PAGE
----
First instrument for the JWST completed and handed over to NASA
10 May 2012
After more than ten years of work by over 200 engineers, the Mid InfraRed Instrument (MIRI), a camera so sensitive it could see a candle on one of Jupiter’s moons, has been declared ready for delivery by the European Space Agency and NASA. The MIRI Optical System, an instrument for the James Webb Space Telescope (JWST) that will eventually take up a position four times further away from the Earth than the Moon. It will now be shipped to NASA’s Goddard Space Flight Center where it will be integrated with the other three instruments and the telescope.
MIRI is the first of the four instruments on board the JWST to be completed. The handover ceremony between the European Space Agency (ESA) and NASA at the Institute of Engineering and Technology in London today is the culmination of a long term collaboration effort from teams across both continents.
Attending the ceremony was David Willetts, Minister for Universities and Science, who said:
“MIRI is the impressive result of years of more than ten years of work, led by Britain in partnership with Europe. With world-leading space research facilities at the Rutherford Appleton Laboratory, a host of excellent universities and strategic direction from the UK Space Agency, the UK is clearly well placed to contribute to major global missions. I am extremely proud to be here for the handover of MIRI to NASA’s James Webb team.”
UK guided the development
work by these teams, in addition to employing UK technologies in the construction
of key components and carrying out the assembly, integration, testing and ground
calibration at the Science and Technology Facility Council’s (STFC) RAL Space. The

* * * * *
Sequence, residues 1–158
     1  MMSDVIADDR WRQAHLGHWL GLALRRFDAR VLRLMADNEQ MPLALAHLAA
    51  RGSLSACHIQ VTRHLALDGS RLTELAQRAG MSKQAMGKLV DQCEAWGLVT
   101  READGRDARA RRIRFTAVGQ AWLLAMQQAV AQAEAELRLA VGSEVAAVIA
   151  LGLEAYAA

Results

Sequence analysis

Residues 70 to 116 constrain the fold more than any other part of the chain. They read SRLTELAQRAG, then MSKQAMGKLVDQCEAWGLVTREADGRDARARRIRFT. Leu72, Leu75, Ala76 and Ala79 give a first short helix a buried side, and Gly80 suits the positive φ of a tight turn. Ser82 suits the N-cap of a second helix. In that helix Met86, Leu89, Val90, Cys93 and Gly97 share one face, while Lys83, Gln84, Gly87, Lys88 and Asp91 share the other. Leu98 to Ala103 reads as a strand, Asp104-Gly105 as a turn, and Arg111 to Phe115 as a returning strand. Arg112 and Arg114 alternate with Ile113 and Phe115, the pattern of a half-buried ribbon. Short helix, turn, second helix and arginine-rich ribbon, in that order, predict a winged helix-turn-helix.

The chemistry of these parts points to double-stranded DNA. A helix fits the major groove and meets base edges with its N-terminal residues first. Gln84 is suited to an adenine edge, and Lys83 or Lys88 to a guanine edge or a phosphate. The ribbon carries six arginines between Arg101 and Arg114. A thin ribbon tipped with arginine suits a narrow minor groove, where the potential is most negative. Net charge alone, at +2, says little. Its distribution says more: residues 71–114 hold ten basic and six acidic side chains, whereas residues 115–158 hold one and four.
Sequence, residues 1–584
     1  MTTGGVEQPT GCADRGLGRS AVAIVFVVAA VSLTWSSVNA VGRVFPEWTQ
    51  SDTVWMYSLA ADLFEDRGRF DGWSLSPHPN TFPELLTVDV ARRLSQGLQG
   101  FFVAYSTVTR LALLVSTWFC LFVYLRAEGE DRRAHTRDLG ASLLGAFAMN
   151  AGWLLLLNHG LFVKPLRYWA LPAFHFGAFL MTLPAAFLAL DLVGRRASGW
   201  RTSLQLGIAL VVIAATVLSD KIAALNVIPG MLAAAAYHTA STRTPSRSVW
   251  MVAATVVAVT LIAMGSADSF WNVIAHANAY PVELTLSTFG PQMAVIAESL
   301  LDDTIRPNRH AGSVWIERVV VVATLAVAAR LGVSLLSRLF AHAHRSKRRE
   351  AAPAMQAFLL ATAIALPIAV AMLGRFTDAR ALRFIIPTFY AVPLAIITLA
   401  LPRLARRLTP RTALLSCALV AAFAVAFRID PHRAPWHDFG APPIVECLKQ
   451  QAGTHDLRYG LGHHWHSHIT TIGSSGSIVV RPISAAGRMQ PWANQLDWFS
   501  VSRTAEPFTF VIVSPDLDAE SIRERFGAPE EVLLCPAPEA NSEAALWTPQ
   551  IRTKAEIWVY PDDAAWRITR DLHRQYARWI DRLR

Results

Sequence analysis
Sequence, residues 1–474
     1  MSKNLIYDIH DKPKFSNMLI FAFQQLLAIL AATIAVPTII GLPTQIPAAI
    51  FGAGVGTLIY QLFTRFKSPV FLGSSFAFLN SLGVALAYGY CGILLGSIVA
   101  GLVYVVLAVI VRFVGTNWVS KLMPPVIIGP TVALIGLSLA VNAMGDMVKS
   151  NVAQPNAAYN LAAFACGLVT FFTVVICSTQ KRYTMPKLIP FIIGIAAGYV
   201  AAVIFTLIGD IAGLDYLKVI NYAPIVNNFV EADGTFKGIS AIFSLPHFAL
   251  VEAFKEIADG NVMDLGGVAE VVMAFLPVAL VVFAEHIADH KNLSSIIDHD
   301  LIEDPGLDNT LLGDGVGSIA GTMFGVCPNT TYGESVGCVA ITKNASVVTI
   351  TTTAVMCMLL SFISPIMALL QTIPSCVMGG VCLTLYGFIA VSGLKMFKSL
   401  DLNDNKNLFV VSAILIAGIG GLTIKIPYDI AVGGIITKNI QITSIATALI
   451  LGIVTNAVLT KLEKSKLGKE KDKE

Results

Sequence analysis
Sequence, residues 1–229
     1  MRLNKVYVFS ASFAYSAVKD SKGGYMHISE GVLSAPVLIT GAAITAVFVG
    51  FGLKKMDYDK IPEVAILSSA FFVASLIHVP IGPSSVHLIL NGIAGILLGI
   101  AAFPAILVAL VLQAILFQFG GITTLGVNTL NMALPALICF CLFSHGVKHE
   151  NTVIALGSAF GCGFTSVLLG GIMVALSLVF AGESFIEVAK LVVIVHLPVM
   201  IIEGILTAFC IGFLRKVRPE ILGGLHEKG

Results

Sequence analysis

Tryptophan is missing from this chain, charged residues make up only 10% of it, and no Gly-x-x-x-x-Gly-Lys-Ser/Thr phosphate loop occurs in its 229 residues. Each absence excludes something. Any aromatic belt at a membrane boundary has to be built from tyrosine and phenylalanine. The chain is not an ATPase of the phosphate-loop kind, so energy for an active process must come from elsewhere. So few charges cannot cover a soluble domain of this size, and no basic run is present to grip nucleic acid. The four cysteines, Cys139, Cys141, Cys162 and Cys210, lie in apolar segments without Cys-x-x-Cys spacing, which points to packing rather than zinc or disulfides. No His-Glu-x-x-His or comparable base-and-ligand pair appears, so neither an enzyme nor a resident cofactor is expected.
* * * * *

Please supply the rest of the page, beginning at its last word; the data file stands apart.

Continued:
instrument has been subjected to exhaustive mechanical and thermal testing at
the same facility to make sure it can not only survive the rigors of a journey
into space, but also remain operational for the life of the mission.
Gillian Wright, the European Principal Investigator for MIRI based at STFC’s Astronomy Technology Centre said:
"The whole team is delighted that our hard work and dedication has resulted in a MIRI instrument that will meet all our scientific expectations. It is wonderful to be the first to achieve this major milestone for the JWST project. We can now look forward to significant scientific discoveries when it is launched."
MIRI will allow astronomers to explore the formation of planets around distant stars and could even pave the way for investigations into the habitability of other planetary systems.
offers a sensitivity and resolution many times greater than any other mid-IR
instrument in existence today or for the foreseeable future. It will be able to
penetrate the dust obscuring distant objects, allowing for smaller and fainter
objects than have ever been detected to be mapped in unprecedented detail. Its wavelength
of 5 to 28 microns brings a unique scientific capability among the other
instruments on the James Webb Space Telescope. MIRI will therefore have a key
role in the study of light that has travelled from the early moments of the
universe by JWST. These wavelengths bring additional technical challenges due
to the extremely low operating temperatures necessary (-266.5ºc). Unlike the
other JWST instruments MIRI will be cooled by a dedicated cooler provided by
At today’s handover, Eric Smith, JWST Deputy Program Director from NASA HQ said:
“The delivery of JWST’s MIRI is a significant achievement and an important milestone on our collective journey in creating a space telescope that will dramatically alter our understanding of the universe. On behalf of NASA and the JWST program I want to congratulate the MIRI team for their dedication to scientific excellence and the resulting superb instrument. I’m excited about the upcoming integration and testing of MIRI with the other science instruments and look forward to continued collaboration with the team.”